If Palestine achieves UN "non-member observer status" on Thursday, it could open the door for the International Criminal Court to investigate crimes committed during the decades-long Israel-Palestinian conflict.
While the possibility of swift prosecutions of Israelis is slim, the spectre of such cases being brought before the ICC has overshadowed the Palestinians' bid.
Britain notably said it would abstain from the vote unless the Palestinians pledged not to seek an ICC case against Israelis.
Based in The Hague, the ICC can prosecute those guilty of genocide, war crimes and crimes against humanity, committed since July 1, 2002, when its founding treaty, the Rome Statute, came into force.
So far it has been ratified by 121 countries, although not Israel, or the United States, China and Russia.
Although the court is independent from the United Nations, it collaborates with the global body and only individuals, not states, can be prosecuted before the ICC.
And the court can only pursue an individual if crimes were committed on the territory of a state party -- one that signed and ratified the Rome Statute -- or by a citizen of such a state.
A state party may also refer crimes within the court's jurisdiction to the prosecutor for investigation.
Cases may also be referred by the UN Security Council, as was the case in Libya last year, or the prosecutor can initiate his own investigations with permission from the judges.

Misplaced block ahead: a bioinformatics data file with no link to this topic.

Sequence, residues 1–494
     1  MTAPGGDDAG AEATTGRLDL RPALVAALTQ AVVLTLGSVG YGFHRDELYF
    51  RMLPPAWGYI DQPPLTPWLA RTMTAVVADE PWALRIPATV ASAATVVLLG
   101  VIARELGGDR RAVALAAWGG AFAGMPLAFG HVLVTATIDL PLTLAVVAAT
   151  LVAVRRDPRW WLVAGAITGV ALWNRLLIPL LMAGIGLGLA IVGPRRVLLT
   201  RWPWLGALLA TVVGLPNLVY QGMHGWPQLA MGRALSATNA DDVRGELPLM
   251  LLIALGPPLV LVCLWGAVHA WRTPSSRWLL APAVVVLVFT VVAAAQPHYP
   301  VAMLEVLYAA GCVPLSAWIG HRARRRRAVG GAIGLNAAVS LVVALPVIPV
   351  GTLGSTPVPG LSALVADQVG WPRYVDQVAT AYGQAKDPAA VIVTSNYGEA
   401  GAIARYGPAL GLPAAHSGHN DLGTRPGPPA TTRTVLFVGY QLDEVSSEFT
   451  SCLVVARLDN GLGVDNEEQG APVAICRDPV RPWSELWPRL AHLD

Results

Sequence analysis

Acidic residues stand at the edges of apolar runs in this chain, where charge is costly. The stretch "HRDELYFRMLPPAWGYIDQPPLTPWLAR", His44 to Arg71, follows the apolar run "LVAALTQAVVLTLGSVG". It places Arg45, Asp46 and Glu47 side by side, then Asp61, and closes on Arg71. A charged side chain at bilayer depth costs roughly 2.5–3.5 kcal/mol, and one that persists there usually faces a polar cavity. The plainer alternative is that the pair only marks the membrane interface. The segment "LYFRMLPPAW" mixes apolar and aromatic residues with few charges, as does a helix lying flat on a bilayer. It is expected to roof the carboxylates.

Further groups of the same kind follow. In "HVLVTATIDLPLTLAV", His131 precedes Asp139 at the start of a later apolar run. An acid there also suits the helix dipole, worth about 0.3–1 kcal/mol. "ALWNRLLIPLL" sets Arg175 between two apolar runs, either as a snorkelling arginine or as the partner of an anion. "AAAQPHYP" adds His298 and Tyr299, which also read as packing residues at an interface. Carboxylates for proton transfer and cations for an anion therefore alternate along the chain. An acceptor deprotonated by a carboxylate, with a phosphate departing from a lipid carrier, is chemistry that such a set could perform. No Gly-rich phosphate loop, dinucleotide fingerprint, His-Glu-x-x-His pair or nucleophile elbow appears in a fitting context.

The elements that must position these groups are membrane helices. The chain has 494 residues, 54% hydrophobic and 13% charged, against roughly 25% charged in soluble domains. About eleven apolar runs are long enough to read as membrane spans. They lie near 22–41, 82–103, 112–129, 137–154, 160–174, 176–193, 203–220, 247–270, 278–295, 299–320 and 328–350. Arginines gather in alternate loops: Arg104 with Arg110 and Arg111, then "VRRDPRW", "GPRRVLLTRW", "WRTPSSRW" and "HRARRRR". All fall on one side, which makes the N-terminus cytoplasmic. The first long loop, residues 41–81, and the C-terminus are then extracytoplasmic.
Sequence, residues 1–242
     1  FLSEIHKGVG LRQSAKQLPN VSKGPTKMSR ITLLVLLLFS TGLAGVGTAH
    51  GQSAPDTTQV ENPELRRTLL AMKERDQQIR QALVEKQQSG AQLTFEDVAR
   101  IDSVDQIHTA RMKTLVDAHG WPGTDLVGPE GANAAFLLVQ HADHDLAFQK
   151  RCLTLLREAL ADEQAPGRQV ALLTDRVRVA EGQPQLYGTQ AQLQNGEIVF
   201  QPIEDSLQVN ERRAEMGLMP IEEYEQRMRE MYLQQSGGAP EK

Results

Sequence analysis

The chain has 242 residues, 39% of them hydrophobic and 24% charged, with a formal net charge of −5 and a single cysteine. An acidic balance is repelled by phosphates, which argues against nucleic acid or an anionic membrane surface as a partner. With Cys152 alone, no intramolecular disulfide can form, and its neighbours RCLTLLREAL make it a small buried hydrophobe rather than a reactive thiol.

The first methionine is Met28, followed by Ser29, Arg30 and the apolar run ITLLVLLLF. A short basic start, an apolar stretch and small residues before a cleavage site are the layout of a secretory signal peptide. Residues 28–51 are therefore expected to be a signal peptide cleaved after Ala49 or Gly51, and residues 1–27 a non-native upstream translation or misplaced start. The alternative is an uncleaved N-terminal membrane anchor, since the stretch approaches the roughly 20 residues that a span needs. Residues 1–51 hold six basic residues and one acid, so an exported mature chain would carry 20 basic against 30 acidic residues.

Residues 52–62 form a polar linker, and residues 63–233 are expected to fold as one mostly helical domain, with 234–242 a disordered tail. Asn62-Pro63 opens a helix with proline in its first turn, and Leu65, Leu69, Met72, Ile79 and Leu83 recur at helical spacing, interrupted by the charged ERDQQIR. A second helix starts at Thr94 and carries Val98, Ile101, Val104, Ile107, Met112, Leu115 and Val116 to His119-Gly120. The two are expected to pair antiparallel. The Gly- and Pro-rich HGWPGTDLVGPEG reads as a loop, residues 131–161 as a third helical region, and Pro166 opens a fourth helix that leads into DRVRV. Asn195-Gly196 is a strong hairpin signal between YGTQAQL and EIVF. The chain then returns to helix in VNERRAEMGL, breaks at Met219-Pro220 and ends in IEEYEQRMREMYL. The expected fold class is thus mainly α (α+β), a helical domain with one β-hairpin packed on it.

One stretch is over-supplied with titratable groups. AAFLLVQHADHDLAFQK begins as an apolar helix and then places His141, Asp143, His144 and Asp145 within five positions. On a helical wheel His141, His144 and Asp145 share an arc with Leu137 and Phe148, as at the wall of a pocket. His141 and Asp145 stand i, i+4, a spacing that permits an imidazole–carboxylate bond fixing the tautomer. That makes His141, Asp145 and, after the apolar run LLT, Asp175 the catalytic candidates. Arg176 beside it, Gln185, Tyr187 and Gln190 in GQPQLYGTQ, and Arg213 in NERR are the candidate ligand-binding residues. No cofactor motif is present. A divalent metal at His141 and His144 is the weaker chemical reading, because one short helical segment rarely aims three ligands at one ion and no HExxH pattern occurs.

For a complaint against Israel however, a Security Council referral is a remote possibility. The United States, Israel's staunchest ally, is a permanent member of the council and frequently uses its veto right in Israel's defence.
The Palestinian Authority has threatened to bring Israel before the ICC if it turns out its late leader Yasser Arafat was poisoned in 2004.
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Already in 2009 it asked the prosecutor's office to investigate alleged war crimes committed by the Israeli military during its December 2008-January 2009 Operation Cast Lead offensive in the Gaza Strip.
The Palestinians recognised the ICC's authority in 2009, something that the Rome Statute nevertheless says only a state can do.
For this reason, former ICC chief prosecutor Luis Moreno-Ocampo decided earlier this year to leave it up to the "competent organs of the United Nations" to decide whether Palestine was a state. If the answer was yes, then at that point the court could decide whether or not to investigate the alleged crimes.
If recognised by the United Nations as a "non-member observer state", Palestine would need to first ratify the Rome Statute or recognise the jurisdiction of the court before trying to bring a case.
If it wins Thursday's UN vote, Palestine's status may no longer be an issue for the court's new chief prosecutor Fatou Bensouda. She may be able to seek approval from the ICC's judges to launch a probe on her own initiative or at the request of the Palestinians.
But Goran Sluiter, international law expert at Amsterdam University, said such a possibility was remote.
"There's a lot of uncertainties," he told AFP.
"Even if they can do it, it's not certain it will lead to a trial."
Even if the ICC launches an investigation, it will need Israel's cooperation to hand over any suspects: the court does not have its own police force.
Senior Palestine Liberation Organisation official Hanan Ashrawi has said leader Mahmud Abbas resisted "intensive pressure" to make concessions on the ICC ahead of the UN vote.
Palestinian envoys have said Abbas will not rush to join the court but could use it if Israel does not change its policies on settlements and other matters.
Israeli foreign ministry spokeswoman Ilana Stein said meanwhile that Israel would most likely not take any punitive measures against the Palestinians for the vote unless they used the upgrade "as a platform for confrontation" at the ICC.